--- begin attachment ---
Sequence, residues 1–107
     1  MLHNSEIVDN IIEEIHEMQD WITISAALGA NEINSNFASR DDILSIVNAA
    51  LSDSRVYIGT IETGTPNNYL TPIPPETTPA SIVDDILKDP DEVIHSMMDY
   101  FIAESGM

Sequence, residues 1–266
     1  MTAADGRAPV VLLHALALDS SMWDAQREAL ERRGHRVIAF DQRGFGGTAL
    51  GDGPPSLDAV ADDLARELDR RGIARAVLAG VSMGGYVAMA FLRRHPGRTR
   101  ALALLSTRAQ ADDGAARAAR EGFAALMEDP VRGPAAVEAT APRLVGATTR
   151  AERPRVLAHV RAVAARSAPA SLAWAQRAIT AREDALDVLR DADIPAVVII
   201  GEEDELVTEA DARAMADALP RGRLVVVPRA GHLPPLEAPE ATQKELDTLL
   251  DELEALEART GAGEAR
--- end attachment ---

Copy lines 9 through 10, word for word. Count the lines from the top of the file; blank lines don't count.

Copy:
   151  AERPRVLAHV RAVAARSAPA SLAWAQRAIT AREDALDVLR DADIPAVVII
   201  GEEDELVTEA DARAMADALP RGRLVVVPRA GHLPPLEAPE ATQKELDTLL